christine~ (eppylover) wrote,

Not saying I always agree with his viewpoint, but this is quite interesting nevertheless

A Better Class Of Riot

BY Simon Napier-Bell.

After last week's riots, Russell Brand, writing in the Guardian, owned up to having once been involved in such things. And a while back in the Daily Mail, right-wing columnist Peter Hitchens also owned up. Neither attempted to excuse their behaviour, but there was a slight suggestion that perhaps, in their day, compared with what we saw in Britain last week, there was a better class of riot.

The Hitchens riot became a part of rock history and spawned two hit records. It was in March 1968 and started out as an anti-Vietnamese war rally planned by Tariq Ali, publisher of the political newspaper Black Dwarf. He wanted 100,000 people to gather in Trafalgar Square. And he asked John Lennon to come.

It was the year the music press started drawing a line between pop and rock. Two years earlier the word 'rock' (without 'roll') had never been heard of; the trendy word was 'pop'. But by 1968 'rock' had become the new thing. The differences were vague. Pop was the instant hit - formulated - tidy like a snapshot. Rock was disorganised - less packaged. Pop was conformist. Rock was anti-social. Pop was a song. Rock was a lifestyle.

Several groups previously known as pop were now called rock. The Rolling Stones' moment of transition was when Mick and Keith were arrested for possessing drugs. The Who did it by developing a violent stage act; Pink Floyd by going psychedelic; the Yardbirds, whom I managed, by adding Jimmy Page on guitar. With Jeff Beck already in the group, they now had two of Britain's best guitarists blasting away from opposite sides of the stage.

But the Beatles never pulled it off. Their songs were too rounded, too perfect, too pop. Sergeant Pepper got them halfway there. "Ob-la-dee, Ob-la-da" sent them right back again.

Lennon found it galling not to be considered part of the new rock scene. He decided Tariq Ali's anti-war rally would be good imagery and wanted to go. But when he was told it might cost him his American visa he excused himself and went to India to meditate. Ali asked Mick Jagger instead.

After speeches in Trafalgar Square, the younger members of the crowd, about 20,000 of them, marched to Grosvenor Square to have fun hurling insults at the American embassy. They arrived to find mounted police and a phalanx of foot police, but managed to break through. With police horses galloping behind them, they charged towards the embassy. The riot was on.

With Mick Jagger beside him, Tariq Ali stood on a pillar and waved his troops forwards like Achilles at the gates of Troy. The rioters, mostly teenagers, fought the police, kicked their horses, and surged forwards screaming abuse.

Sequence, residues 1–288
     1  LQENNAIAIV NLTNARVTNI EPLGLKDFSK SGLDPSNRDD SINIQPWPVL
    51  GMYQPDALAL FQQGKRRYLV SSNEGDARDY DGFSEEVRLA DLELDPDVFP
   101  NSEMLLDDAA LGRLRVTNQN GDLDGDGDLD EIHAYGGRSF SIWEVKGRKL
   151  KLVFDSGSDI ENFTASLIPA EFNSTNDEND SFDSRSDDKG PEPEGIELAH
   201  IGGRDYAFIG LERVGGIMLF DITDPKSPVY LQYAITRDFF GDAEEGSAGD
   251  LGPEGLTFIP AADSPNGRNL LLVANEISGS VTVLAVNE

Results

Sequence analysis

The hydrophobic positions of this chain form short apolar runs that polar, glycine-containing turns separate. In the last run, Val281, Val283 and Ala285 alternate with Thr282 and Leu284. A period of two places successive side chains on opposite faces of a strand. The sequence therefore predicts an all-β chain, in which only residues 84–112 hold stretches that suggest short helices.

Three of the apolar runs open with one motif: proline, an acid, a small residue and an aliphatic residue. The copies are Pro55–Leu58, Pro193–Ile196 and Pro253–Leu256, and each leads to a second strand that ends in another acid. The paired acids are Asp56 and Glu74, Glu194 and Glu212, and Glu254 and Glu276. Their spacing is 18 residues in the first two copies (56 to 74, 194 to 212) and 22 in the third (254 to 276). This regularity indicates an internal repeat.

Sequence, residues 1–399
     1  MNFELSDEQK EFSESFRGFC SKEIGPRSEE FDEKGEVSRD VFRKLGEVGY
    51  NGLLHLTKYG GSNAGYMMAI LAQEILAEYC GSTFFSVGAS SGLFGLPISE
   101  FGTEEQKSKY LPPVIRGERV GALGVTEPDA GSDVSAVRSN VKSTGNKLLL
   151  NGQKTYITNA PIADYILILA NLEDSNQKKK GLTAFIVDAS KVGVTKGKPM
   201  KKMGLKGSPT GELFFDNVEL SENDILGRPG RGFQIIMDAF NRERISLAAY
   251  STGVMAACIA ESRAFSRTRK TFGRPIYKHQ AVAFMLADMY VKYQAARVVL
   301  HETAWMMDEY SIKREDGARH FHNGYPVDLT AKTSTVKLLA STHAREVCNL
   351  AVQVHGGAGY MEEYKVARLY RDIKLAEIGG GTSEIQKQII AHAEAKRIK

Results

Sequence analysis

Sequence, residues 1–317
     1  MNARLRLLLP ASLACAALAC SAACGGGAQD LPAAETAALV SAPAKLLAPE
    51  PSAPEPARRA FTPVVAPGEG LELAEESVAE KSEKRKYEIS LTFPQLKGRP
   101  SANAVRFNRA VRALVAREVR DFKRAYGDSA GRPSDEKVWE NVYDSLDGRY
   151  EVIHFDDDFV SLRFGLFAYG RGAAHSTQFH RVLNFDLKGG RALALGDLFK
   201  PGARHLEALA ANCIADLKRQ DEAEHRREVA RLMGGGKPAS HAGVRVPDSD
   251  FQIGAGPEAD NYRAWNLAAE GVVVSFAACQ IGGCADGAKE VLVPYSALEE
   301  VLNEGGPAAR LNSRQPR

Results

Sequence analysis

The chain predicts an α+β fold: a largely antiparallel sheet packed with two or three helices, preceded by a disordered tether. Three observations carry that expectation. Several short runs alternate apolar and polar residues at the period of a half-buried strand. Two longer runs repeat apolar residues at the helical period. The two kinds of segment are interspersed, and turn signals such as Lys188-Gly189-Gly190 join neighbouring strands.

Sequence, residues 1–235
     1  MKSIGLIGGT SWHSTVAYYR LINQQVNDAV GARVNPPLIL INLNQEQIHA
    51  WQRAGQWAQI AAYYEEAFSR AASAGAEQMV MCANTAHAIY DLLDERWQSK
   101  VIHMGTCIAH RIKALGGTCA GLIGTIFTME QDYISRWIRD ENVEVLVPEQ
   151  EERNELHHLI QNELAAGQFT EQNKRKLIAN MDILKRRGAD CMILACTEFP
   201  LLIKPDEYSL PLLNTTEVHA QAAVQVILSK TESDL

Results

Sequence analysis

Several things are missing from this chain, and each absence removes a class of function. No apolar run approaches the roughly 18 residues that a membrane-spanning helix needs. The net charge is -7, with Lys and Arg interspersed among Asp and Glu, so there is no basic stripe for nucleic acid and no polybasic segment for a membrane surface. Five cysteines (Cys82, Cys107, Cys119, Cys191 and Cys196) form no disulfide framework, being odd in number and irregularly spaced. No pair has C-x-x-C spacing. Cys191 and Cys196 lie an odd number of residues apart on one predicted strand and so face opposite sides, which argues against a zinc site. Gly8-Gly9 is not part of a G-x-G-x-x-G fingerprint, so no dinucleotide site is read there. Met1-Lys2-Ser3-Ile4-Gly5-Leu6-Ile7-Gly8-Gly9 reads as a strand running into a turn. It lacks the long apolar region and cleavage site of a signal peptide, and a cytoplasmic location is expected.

Amongst them was a young Malcom McLaren: "We rolled hundreds of marbles along the floor at the mounted police... then, like Agincourt, we ducked down and people behind us had catapults and started firing gobstopper marbles at the windows of the American embassy."

After the riot Jagger spoke about it rather cluelessly: "They never ought to have had police... If they had no police there, there wouldn't be trouble..."

But the riot had impressed him. When he got home he threw away the song he'd been working on and started again. A few days later he had the result. "Everywhere I hear the sound of marching charging feet. 'Cos summer's here and the time is right for fighting in the street."

When it came out, Street Fighting Man moved the Stones to a new place - rock stars as revolutionaries.

John Lennon came back from India feeling rather left out of things. Hoping to regain the initiative he wrote Revolution, but there was a line he couldn't finish. "When you talk about destruction don't you know that you can count me......"

'In' or 'Out'? He couldn't decide, so he made a version of each.

So much for revolutionary idealism; he didn't even know whether he was for it or against it. He was simply trying to get a song out of it.

Tariq Ali's Black Dwarf newspaper didn't rate it at all. "No more revolutionary than Mrs Dale's Diary," they sneered.

Lennon wrote back, livid. "Who do you think you are? What do you think you know? I don't remember saying Revolution was revolutionary - fuck Mrs Dale..."

What he didn't realise was...

The problem with the song wasn't the words, or the melody - it was just that Revolution was pop. Street Fighting Man was rock.

It was something Jagger could feel but Lennon couldn't. Something intangible.

Like the difference between riots then, and riots now.


Tags: 60s, history, john lennon, london, simon napier-bell

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